Succession to Muhammad

The succession to Muhammad is the central issue that split the Muslim community into several divisions in the first century of Islamic history, with the most prominent among these sects being the Shia and Sunni branches of Islam. Shia Islam holds that Ali ibn Abi Talib was the appointed successor to the Islamic prophet Muhammad as head of the community. Sunni Islam maintains Abu Bakr to be the first leader after Muhammad on the basis of election.

The contrasting opinions regarding the succession are primarily based on differing interpretations of events in early Islamic history as well as of hadiths (sayings of Muhammad). The Sunni believe that Muhammad had not appointed a successor and had instead intended for the Muslim community to choose a leader from among themselves. They accept the rule of Abu Bakr, who was elected at Saqifah, and that of his successors, who are together referred to as the Rashidun Caliphs.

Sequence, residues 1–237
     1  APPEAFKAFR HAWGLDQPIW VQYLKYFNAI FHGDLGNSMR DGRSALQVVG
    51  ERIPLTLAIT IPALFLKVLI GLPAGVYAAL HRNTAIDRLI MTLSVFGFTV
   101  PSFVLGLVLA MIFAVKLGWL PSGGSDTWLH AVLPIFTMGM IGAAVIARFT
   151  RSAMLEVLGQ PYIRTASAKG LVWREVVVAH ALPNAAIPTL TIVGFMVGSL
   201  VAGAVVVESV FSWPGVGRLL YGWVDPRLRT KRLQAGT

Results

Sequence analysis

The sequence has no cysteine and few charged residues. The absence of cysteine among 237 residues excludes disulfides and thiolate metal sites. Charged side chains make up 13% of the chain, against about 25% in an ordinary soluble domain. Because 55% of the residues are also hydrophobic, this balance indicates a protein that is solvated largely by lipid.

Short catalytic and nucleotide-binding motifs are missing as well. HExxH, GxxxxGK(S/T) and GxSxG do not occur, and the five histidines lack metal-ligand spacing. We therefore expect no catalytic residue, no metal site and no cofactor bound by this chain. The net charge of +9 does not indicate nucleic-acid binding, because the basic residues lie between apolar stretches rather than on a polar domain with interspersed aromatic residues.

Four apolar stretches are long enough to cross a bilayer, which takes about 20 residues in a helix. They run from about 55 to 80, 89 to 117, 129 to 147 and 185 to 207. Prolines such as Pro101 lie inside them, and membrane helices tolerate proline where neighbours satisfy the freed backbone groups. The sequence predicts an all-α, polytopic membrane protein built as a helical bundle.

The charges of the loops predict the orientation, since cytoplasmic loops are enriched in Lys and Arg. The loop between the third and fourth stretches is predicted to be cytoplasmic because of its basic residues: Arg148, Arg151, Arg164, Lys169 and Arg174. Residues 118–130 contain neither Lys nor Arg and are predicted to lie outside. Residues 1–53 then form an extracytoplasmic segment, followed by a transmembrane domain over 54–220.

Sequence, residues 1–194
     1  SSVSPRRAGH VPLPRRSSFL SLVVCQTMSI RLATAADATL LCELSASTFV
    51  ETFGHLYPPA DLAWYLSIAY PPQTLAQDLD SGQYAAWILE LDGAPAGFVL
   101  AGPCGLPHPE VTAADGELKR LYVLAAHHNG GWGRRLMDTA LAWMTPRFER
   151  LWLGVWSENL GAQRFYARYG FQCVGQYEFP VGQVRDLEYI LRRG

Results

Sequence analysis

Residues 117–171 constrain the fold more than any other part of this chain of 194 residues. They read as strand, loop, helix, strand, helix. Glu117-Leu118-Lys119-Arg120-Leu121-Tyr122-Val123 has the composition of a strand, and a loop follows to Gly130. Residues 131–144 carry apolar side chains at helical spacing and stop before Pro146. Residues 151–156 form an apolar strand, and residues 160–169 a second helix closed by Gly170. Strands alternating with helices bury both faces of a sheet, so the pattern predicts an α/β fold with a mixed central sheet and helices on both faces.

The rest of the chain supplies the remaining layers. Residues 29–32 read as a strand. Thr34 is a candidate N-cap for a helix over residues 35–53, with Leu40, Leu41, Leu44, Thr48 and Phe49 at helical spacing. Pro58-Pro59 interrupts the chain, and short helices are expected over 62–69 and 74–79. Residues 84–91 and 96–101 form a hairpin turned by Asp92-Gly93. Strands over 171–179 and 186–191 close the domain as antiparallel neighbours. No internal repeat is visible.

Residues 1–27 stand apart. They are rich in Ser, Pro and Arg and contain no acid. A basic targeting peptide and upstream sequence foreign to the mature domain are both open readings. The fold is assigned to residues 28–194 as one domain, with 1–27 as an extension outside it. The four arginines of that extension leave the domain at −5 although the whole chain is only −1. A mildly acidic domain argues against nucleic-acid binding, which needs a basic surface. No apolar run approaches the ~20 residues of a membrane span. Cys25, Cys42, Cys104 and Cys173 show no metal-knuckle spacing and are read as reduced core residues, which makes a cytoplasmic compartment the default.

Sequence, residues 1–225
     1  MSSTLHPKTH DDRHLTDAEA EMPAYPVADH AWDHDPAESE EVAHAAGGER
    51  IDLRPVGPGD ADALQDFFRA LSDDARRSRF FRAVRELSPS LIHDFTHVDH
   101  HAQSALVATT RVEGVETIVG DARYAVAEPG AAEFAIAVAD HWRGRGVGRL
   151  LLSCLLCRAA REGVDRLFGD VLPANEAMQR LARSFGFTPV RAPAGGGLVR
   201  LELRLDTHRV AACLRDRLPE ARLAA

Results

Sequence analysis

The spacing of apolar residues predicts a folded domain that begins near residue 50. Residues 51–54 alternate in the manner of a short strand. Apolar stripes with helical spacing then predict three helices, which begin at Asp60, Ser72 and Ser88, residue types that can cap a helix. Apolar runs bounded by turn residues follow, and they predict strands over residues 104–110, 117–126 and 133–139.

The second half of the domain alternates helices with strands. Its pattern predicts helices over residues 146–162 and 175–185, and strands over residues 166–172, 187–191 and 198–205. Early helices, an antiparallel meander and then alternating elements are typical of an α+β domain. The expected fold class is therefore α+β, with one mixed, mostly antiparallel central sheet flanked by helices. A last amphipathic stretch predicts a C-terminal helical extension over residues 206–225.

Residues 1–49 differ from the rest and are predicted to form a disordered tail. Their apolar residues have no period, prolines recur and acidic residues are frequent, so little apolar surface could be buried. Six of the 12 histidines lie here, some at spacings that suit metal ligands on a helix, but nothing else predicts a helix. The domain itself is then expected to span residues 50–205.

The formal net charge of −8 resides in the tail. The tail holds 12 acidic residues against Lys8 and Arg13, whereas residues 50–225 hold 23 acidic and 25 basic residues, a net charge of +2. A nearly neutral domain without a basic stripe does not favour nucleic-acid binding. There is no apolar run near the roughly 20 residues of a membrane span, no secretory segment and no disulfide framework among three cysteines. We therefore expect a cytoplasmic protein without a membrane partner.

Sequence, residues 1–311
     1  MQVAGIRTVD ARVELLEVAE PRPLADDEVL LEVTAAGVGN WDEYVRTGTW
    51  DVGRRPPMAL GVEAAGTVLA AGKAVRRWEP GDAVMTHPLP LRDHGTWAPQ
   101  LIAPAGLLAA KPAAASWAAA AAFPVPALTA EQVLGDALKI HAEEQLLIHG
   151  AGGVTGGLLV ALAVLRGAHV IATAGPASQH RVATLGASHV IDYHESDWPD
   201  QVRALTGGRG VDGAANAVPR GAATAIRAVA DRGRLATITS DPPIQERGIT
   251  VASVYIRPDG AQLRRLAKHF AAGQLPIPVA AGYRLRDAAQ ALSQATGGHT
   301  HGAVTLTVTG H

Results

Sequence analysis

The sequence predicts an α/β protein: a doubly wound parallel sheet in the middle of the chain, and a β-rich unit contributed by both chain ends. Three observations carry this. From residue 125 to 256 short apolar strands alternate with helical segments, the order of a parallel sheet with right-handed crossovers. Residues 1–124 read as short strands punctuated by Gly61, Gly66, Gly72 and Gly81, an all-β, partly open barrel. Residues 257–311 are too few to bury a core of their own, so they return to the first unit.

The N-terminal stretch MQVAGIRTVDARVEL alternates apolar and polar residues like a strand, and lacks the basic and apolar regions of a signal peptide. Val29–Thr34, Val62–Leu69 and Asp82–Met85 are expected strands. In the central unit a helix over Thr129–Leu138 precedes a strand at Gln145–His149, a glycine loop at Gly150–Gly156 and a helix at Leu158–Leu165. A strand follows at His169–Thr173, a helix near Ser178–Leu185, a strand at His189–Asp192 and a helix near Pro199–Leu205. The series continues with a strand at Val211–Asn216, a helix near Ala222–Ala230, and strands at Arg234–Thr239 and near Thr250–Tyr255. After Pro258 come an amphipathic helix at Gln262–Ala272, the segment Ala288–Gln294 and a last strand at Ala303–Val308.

On the other hand, the Shia believe that Ali had previously been nominated by Muhammad as heir, most notably during the event of Ghadir Khumm. They primarily see the rulers who followed Muhammad as illegitimate. Instead, in the Shia view, the rightful successors of Muhammad are Ali and eleven Imams of his lineage, who are viewed as divinely appointed. The last of these Imams, Mahdi, went into occultation in 260 AH (874 CE), due to the hostility of the Imam's enemies and the danger to his life.[1] His advent is awaited by the Shia and Sunni alike, although the two sects hold different views about Mahdi.[2]

In addition to these two main views, there are also other opinions regarding the succession to Muhammad.